Below Plans of the USS Monitor (1862): General plan published in 1862, showing the ship's inboard profile, plan view below the upper deck and hull cross sections through the engine and boiler spaces.U.S. Naval Historical Center Photograph.

USS Monitor Construction Plans
USS Monitor Construction Plans.jpg
USS Monitor Construction Plans

Iron fabrication began even before the Monitor's contract was issued in early October. Rapid construction was a necessity, as the Confederates were known to be pushing work on their own ironclad, which became CSS Virginia (see CSS Virginia (formerly USS Merrimack): Homepage). The new ship's hull was built by the Continental Iron Works, at Greenpoint, Long Island, with iron stock, machinery and much equipment furnished by other firms. Launched on 30 January 1862, she was outfitted over the next month and placed in commission on 25 February, under the command of Lieutenant John L. Worden.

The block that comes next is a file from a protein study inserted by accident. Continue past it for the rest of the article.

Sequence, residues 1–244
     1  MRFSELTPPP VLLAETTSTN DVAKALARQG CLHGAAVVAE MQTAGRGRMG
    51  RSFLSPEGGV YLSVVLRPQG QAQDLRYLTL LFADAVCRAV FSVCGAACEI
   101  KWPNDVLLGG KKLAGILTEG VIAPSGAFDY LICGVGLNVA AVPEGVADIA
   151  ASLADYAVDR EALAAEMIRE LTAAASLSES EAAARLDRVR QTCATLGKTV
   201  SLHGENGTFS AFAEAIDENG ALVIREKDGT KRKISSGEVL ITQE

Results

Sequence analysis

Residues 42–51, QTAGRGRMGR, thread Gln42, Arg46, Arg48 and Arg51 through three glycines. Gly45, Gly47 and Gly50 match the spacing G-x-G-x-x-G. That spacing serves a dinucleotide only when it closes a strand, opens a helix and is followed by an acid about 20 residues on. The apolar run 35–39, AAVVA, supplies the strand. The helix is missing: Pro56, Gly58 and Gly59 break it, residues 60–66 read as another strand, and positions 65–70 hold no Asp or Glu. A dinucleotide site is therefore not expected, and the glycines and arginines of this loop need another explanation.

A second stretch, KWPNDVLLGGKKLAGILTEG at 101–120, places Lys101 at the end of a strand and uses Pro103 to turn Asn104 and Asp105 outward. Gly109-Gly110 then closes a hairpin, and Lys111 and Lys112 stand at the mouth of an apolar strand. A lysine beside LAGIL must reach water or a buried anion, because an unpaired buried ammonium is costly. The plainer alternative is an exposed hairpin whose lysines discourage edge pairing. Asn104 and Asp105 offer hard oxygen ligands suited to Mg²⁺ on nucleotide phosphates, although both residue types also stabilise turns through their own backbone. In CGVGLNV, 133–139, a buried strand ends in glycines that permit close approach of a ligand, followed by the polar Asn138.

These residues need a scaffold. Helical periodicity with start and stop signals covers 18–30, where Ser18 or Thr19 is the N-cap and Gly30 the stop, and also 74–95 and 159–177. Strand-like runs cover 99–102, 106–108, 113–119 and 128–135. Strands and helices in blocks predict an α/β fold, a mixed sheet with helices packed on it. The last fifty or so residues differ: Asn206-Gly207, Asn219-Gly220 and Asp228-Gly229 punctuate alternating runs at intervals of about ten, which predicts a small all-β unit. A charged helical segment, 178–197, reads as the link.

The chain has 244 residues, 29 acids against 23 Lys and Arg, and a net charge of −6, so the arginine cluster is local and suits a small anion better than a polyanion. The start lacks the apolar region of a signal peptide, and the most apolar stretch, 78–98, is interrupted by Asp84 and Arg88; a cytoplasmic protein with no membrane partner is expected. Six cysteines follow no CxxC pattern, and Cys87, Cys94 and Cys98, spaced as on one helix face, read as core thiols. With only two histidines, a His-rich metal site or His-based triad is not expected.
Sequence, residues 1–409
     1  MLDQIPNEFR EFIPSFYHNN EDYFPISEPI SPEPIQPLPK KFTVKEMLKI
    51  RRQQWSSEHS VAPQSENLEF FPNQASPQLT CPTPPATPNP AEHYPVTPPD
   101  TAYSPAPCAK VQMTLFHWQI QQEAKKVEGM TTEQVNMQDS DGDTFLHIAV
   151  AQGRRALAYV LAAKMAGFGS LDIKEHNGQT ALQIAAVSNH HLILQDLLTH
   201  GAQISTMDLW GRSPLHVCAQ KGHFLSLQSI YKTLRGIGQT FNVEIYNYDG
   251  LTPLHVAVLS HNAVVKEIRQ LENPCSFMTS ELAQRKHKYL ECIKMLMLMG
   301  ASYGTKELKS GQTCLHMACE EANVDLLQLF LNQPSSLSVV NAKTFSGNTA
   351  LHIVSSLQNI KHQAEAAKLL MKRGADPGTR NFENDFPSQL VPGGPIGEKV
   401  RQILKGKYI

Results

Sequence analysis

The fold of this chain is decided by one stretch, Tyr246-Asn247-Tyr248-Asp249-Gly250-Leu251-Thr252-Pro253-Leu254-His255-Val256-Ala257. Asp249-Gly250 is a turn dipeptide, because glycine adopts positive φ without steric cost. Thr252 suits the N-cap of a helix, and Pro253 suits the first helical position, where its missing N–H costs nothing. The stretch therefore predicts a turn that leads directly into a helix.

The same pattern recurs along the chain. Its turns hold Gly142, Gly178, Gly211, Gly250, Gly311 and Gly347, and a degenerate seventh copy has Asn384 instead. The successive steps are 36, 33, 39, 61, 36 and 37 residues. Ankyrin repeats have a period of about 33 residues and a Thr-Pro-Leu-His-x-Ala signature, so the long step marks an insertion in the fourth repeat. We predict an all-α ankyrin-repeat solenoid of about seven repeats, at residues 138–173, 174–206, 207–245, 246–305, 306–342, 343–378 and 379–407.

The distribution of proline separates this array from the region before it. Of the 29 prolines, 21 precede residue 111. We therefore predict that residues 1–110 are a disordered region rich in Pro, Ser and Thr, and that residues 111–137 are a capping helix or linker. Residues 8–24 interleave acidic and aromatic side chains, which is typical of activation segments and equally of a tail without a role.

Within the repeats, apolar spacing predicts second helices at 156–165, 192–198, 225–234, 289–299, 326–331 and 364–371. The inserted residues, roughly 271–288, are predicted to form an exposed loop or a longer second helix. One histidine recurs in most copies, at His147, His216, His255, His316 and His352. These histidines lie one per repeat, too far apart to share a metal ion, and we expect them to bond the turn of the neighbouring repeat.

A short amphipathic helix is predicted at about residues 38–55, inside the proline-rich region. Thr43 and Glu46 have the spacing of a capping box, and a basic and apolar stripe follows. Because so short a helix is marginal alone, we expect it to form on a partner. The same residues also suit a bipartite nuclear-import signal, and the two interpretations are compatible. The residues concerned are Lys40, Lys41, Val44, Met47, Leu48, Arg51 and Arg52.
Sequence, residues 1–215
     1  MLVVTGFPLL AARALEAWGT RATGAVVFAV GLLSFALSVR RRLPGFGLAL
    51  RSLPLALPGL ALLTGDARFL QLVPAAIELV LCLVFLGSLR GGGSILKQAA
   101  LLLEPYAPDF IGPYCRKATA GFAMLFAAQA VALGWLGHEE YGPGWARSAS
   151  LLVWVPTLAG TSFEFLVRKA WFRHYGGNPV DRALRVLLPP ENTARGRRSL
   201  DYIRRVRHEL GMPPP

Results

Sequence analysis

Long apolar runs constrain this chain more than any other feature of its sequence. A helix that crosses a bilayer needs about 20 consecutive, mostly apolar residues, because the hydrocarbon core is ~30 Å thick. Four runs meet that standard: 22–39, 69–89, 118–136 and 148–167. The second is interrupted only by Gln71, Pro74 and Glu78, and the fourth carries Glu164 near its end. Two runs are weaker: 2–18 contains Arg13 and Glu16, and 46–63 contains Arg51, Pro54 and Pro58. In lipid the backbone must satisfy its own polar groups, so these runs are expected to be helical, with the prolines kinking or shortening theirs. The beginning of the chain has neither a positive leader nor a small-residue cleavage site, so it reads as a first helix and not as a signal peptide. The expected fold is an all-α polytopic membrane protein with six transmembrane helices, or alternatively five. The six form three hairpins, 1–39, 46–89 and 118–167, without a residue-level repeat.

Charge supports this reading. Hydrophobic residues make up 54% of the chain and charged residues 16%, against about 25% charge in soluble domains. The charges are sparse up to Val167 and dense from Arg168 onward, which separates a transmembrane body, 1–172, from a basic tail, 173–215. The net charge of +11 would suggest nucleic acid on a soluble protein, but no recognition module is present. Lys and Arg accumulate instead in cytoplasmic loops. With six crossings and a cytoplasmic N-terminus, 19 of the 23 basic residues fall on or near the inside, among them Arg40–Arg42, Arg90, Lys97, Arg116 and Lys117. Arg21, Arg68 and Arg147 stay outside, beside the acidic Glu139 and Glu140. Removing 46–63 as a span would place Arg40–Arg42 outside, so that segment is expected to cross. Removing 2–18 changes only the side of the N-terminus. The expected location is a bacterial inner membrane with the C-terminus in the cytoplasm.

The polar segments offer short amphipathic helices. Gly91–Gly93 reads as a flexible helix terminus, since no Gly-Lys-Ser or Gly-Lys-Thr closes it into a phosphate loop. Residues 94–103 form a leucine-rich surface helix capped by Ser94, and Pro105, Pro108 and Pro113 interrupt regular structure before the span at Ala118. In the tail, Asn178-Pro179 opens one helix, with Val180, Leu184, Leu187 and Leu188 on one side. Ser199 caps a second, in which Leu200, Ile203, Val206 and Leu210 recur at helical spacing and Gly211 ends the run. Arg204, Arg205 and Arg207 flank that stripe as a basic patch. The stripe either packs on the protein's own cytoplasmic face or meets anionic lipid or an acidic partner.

After trials and modifications, Monitor left New York on 6 March. The next day, she encountered stormy weather, which abundantly demonstrated both the inherent seakeeping problems of the design and some more-easily correctable technical difficulties. Late on 8 March, just a few hours after CSS Virginia had spread terror among the Union fleet (CSS Virginia destroys USS Cumberland and USS Congress), the weather-beaten Monitor arrived off Hampton Roads, where her exhausted crew spent a long night urgently preparing their ship for action.

Reference: Department of the Navy, Naval History & Heritage Command, 805 Kidder Breese SE, Washington Navy Yard, Washington D.C., 20374-5060

Recommended Reading: War, Technology, and Experience aboard the USS Monitor. Description: In a familiar story, the USS Monitor battled the CSS Virginia (the armored and refitted USS Merrimack) at Hampton Roads in March of 1862. In War, Technology, and Experience aboard the USS Monitor, David A. Mindell adds a new perspective to the story as he explores how mariners -- fighting "blindly" below the waterline -- lived and coped with the metal monster they called the "iron coffin." Mindell shows how the iron warship emerged as an idea and became practicable, how building it drew upon and forced changes in contemporary manufacturing technology, and how the vessel captured the nineteenth-century American popular and literary imaginations. Continued below…